LIFT Episode 4 (Part I):
In our fourth episode, we are fortunate to learn from a highly experienced leader in the tech sector, Andrew Chrostowski, Chairman and CEO of RealWear. A former research physicist and Air Force veteran, he shares perspectives on building resilience, scaling, and what failure really means in a culture of innovation and risk-taking. Find out insightful ways to bridge science and business, manage complexity, hire the right people, and step up to do the right thing when systems break down – or when your golf swing just won’t cooperate.
Today’s guest is Andrew Chrostowski, Chairman and Chief Executive Officer of RealWear, and he joins us to share some of the lessons he learned through his experience with complex systems and managing teams both in the military and private sector. RealWear is the industry leader for powerful, voice-operated headset computers, their flagship product being the HMT-1, an industrial hands-free knowledge transfer platform for frontline workers. With experience in the Air Force, as a research physicist, and as a business leader, too, Andrew has an extensive understanding about the relationship between complex systems and the role of people within them. Our conversation starts with a sketch of Andrew’s career and education, where he shares different scenarios that helped him gain the perspectives on systems thinking he shares today. From there, we dive into some important takeaways about the importance of humans in increasingly automated systems, why complex problems cannot be solved with simple solutions, how to build systems that tolerate failure, how to include your team in the development of company culture, and navigating employees with different strengths to align them to a common goal. Other golden nuggets describe the importance of the presence of mind in leadership, applying the “rule of five” to building resilient systems, and how to use the “pyramid of trust” to scale an organization. Tune in for all this and a whole lot more from today’s enlightening conversation.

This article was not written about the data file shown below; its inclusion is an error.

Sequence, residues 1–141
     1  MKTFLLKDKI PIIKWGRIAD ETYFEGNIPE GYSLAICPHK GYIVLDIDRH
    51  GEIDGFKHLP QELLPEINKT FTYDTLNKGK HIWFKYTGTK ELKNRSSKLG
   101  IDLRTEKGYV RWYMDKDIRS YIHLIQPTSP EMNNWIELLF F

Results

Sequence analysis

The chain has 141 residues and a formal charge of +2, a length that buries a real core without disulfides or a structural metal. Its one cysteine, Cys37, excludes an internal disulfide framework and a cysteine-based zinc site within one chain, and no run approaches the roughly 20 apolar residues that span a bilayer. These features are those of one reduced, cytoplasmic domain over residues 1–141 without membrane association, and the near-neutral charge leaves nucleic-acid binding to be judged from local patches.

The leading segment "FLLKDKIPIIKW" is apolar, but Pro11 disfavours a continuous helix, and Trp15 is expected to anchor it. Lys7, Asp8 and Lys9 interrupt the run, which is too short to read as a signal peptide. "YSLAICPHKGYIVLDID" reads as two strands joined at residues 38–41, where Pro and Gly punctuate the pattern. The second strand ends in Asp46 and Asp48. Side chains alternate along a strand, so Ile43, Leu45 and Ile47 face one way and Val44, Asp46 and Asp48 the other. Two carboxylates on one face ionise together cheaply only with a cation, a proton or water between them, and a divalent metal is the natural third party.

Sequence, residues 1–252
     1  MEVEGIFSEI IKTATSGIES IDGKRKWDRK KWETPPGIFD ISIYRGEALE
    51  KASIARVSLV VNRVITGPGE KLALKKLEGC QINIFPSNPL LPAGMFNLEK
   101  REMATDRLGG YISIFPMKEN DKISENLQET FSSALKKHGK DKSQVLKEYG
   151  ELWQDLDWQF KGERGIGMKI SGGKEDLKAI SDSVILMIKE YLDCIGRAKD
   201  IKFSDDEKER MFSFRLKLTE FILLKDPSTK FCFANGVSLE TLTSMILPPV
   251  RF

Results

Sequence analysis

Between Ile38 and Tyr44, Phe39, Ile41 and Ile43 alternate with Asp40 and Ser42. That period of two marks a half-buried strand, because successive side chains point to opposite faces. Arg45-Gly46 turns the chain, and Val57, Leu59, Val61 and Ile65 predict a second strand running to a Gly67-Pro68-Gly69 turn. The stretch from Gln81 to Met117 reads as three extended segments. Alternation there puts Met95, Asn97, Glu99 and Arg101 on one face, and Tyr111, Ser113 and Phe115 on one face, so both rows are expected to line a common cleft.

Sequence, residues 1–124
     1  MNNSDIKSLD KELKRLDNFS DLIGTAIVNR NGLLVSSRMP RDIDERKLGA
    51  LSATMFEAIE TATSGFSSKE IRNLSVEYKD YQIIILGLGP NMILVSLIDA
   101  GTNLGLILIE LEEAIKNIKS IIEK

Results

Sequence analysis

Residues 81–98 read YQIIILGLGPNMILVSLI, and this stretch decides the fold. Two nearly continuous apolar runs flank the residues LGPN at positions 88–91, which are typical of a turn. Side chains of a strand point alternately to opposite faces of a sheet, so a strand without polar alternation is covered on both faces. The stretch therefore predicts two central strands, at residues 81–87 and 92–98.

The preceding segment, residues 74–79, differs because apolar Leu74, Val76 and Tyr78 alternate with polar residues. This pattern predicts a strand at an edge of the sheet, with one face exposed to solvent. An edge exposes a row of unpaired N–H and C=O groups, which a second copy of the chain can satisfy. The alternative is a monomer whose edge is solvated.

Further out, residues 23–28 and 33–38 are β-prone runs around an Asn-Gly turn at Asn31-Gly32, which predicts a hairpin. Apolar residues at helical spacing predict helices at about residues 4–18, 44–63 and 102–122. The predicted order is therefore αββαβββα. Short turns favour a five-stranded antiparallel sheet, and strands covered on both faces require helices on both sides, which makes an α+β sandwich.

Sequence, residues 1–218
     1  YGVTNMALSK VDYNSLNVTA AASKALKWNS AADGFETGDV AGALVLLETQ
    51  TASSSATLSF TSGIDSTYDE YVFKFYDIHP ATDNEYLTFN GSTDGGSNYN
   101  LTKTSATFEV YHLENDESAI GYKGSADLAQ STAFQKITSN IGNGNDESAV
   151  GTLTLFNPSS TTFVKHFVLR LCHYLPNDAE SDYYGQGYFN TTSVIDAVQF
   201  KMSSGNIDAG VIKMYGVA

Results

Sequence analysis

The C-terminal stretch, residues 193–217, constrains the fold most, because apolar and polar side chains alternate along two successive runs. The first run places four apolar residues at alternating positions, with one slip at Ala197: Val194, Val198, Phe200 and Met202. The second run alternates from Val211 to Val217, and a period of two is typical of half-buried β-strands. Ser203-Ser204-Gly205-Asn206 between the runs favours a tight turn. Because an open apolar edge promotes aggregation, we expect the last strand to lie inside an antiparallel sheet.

Like this? Hear more in Part II.
“A 70% solution today is better than a 100% solution six months from now.” — Andrew Chrostowski
“Risk management is where it all begins and ends. People don’t realize that risk is not always bad. Risk gets you reward.” — Allison J. Taylor
Leadership inspiration for professionals who appreciate life-long learning infused with sarcasm and wit. Silicon Valley consultant Allison J. Taylor curates intelligent conversations that illuminate fresh points of view across business, technology, communications and management. Time-pressed execs can get informed and inspired in under 60 minutes.